making homeworking work for your business

Making Homeworking Work for Your Business

Making Homeworking Work for Your Business

Homeworking has always been something that many corporate companies have been uneasy about. It received a lot of bad press following the high profile announcement that Yahoo would be removing all homeworking privileges. Perhaps a company using an online course software or collaboration tool can help remedy the issue, even though the cracks in the homeworking paradigm had begun appearing long before the controversial Yahoo announcement. A study by Wakefield Research made some quite worrying findings about lack of efficiency and productivity while homeworking. They found that 43% of homeworkers watch TV and 20% play video games while “officially” working from home. This study shows that there is more than just a crack but a gaping chasm in the homeworking paradigm.

But, throughout the years with the help of more effective tools and better training methods, home working hasn’t been cast off yet. Flexible working brings many benefits in that it is an excellent attraction and retention tool. It is also a cost effective and practical way to expand your business into a new city, country or continent.

So, there are sound business reasons to make home-working work for your business – and it can be made to work, for example, look at the millions of self employed homeworkers who deliver great products and services to companies throughout the world.

How do freelancers manage to make it work while homeworking employers are struggling? It’s simple and is linked to the compensation model, that is, a freelancer’s compensation is mostly linked to performance, that is if they don’t perform, they don’t get paid. Employees on the other hand tend to be compensated based on activity, that is, as long as they clock in and out, they will be paid, no matter how bad their performance might be.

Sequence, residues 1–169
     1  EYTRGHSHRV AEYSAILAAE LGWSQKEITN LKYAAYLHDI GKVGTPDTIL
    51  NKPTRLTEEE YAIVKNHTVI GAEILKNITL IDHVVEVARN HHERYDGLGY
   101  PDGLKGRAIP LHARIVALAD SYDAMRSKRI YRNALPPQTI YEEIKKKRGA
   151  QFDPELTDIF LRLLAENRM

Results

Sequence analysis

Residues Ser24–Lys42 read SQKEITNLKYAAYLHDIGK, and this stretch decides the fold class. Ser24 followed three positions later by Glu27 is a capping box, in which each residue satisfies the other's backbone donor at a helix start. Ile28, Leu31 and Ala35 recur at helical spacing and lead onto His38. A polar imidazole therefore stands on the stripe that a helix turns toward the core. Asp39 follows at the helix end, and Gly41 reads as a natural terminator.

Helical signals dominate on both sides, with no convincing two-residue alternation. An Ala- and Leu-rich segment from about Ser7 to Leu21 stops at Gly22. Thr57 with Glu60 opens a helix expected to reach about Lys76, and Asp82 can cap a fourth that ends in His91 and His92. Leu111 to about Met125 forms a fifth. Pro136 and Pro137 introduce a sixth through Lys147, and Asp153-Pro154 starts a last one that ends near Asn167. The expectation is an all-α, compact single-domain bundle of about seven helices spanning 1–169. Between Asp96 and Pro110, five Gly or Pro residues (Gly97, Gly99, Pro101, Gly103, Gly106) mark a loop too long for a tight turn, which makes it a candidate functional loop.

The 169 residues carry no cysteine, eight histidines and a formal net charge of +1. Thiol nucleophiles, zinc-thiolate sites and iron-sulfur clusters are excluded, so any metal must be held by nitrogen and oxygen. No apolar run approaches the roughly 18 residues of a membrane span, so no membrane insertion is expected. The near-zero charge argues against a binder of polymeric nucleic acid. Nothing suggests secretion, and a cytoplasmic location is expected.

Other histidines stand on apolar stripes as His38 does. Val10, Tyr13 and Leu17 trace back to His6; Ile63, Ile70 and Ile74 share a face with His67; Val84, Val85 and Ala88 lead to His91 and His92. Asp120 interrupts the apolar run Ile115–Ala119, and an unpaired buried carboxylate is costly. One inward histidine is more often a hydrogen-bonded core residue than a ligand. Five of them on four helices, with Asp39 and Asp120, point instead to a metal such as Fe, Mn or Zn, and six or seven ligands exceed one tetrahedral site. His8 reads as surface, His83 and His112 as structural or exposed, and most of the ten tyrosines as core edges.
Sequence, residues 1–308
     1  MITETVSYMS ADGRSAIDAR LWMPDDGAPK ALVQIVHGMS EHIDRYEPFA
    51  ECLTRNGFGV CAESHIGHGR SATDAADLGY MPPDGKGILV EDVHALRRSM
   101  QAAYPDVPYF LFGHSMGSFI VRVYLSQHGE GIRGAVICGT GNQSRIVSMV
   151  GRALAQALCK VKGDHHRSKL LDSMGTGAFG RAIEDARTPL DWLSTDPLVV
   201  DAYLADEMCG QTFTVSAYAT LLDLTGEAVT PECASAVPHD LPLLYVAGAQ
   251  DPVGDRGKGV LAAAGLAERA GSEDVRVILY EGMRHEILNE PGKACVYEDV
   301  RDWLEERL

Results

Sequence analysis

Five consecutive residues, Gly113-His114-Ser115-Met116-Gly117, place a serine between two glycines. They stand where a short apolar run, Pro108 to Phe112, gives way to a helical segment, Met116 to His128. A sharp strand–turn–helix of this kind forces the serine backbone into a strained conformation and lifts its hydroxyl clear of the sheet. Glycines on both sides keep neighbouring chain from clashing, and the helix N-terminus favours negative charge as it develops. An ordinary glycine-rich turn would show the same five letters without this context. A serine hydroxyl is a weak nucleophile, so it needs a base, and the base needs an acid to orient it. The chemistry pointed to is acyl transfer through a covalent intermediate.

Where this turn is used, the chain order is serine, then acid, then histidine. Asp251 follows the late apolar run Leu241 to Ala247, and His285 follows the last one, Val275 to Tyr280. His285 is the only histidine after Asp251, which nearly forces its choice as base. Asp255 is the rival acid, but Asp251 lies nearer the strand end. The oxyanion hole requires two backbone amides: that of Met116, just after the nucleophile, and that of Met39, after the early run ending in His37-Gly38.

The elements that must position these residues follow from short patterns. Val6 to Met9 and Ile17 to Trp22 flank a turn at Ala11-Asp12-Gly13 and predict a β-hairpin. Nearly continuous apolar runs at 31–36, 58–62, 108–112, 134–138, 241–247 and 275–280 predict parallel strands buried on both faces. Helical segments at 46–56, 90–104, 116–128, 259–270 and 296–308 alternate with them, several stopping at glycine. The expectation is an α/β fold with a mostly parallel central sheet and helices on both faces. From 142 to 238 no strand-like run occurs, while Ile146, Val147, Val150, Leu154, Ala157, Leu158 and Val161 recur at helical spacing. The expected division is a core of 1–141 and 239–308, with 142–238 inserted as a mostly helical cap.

Therefore, if employers want to encourage more productivity in their homeworking population, they should ideally move homeworkers to a more pay for performance model. For this transition to work effectively, managers will need to undergo specific training on how to set goals and manage staff on an output basis rather than a traditional activity based management model. They will need to develop a new leadership style, moving from a coaching/nurturing style more akin to a pace setting style, similar to managing a self-employed worker. This is therefore a great opportunity for the L&D function to make an intervention to help bring the homeworking paradigm back on track.

 

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